The next time you take your child in to the doctor’s for a physical, don’t be surprised if the doctor suggests your child have her cholesterol screened. Recently, new guidelines created by the U.S. National Heart, Lung and Blood Institute and endorsed by the American Academy of Pediatrics suggest doctors screen patients between the ages of 9 and 11 for high cholesterol.
This will be for all children, not just ones who seem to have risk factors for high cholesterol or who have a family history of heart disease. Why would these organizations recommend screening children so young and what can parents do?
Why the Age for Cholesterol Screening has Lowered
The rate of obesity in young children has risen dramatically over the past twenty years and along with that, lipid levels in young children have also risen. The U.S. Centers for Disease Control and Prevention found in January 2010 that 20 percent of children and teens had unhealthy lipid levels, meaning their HDL (good) cholesterol was too low, their LDL (bad) cholesterol was high and their triglycerides (fat in the blood) were abnormally high. Obesity, unhealthy diets and little to no exercise are all factors that can cause children to have high blood pressure. By catching high cholesterol in children early, researchers hope that it can prevent the children from growing up to be adults suffering from heart disease by making a few simple lifestyle changes.
What Should Parents Do?
Parents should be concerned about modeling and providing a healthy lifestyle for their children to prevent their child from developing high cholesterol. This means eating a balanced diet, cutting back on fat and sugar and offering plenty of high protein, low fat foods as well as fruits and vegetables to your children. Exercise should also be a priority in every home. This does not mean you have to make your child run on a treadmill every day – it means spending time doing activities that your children love. Simple activities like biking, swimming, walking, playing basketball in the driveway or becoming active in a sport is all it takes to help keep cholesterol levels down. These lifestyle habits will help your child maintain a healthy weight as well as learn to live a healthy lifestyle.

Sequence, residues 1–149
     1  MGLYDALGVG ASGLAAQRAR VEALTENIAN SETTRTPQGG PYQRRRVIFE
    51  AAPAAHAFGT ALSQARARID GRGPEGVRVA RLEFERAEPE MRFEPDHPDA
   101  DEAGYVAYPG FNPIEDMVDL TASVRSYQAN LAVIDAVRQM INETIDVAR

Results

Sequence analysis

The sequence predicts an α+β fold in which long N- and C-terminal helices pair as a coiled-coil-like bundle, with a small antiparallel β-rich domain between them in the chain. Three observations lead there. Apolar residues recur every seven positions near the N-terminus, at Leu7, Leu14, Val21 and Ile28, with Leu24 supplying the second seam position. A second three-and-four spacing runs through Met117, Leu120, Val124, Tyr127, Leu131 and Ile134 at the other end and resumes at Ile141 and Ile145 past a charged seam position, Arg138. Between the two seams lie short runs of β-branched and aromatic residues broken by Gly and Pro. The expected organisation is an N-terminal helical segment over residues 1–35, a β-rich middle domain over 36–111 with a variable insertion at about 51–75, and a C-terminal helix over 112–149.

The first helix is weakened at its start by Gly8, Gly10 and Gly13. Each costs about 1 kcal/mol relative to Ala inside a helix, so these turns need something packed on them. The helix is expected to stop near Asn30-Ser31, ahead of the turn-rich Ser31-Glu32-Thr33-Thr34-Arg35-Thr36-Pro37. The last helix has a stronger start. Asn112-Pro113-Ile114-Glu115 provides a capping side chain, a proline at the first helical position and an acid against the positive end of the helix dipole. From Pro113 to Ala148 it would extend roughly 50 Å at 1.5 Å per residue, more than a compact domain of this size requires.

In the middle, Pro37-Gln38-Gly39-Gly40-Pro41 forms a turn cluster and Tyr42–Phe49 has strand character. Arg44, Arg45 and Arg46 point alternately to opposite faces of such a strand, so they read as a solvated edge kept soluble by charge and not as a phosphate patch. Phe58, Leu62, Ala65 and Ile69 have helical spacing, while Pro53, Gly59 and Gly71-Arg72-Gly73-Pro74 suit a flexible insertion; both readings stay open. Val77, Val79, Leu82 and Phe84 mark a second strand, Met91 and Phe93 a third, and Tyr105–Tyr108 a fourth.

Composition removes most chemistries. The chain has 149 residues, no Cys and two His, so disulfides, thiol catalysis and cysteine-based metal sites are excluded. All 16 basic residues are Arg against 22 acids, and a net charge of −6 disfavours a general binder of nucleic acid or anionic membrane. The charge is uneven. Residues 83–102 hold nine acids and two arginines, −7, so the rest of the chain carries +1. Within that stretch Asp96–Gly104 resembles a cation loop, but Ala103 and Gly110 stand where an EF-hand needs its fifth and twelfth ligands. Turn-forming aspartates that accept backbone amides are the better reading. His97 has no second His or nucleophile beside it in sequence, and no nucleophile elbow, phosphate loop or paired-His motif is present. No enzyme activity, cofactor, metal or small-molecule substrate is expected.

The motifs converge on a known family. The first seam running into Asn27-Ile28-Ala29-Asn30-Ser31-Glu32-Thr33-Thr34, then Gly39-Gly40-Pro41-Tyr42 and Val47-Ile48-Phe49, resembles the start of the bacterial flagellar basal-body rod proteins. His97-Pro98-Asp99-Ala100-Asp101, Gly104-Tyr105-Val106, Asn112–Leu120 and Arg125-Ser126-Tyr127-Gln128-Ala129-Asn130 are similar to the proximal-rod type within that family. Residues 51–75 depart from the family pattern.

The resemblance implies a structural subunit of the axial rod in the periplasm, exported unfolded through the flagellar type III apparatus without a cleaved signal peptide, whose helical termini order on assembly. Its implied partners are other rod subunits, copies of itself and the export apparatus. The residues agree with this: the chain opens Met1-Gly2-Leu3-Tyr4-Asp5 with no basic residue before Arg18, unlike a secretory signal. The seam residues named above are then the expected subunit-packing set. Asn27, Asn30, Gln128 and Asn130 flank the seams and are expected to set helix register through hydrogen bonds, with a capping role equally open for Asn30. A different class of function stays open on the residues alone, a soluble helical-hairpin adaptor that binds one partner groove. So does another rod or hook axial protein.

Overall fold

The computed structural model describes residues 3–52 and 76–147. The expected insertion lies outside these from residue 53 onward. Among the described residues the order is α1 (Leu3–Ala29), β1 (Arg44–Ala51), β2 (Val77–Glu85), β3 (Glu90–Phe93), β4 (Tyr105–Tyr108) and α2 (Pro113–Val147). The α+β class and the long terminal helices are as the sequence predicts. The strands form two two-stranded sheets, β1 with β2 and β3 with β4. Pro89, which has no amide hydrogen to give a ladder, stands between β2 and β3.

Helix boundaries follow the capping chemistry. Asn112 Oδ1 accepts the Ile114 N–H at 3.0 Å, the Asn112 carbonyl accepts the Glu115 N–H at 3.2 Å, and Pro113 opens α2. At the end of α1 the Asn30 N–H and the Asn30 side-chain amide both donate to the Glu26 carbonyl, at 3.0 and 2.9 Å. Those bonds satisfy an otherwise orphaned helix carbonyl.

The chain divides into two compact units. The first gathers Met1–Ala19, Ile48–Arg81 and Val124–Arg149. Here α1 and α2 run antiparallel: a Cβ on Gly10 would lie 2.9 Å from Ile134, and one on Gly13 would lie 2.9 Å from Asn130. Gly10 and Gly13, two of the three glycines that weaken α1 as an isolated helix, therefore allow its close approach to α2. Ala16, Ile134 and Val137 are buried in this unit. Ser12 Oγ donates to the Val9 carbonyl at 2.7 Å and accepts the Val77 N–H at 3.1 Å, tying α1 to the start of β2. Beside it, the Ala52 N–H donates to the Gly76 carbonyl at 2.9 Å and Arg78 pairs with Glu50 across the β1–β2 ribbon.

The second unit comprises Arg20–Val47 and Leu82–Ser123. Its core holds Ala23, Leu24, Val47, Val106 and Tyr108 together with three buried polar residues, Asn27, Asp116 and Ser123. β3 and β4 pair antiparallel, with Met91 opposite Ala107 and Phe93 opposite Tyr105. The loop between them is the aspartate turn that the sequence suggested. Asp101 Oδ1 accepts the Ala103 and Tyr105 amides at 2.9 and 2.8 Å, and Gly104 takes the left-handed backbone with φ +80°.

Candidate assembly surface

What if Your Child Does Have High Cholesterol Levels?
If your child has a cholesterol screening and his cholesterol is high, your doctor will explain the options for your child’s treatment. In most instances, your doctor will suggest a weight loss program (if your child is overweight) and to eat healthy and exercise. Only about 1 percent of children actually need to take medication to lower their cholesterol, and these are in very extreme circumstances. According to the Mayo Clinic, long-term effects of children using cholesterol-lowering drugs haven’t been studied enough to believe these drugs are safe for children. Also, certain cholesterol-lowering medications, like niacin, can be a safety concern for your child. You should be cautious of giving any cholesterol-lowering medications to children age 8 and younger and should also proceed with caution with children between the ages of 8 to 17.
The good news is you can prevent your child from developing high cholesterol early in life. Follow healthy dietary guidelines and start getting your children involved in physical activity so your child will grow to be a healthy adult.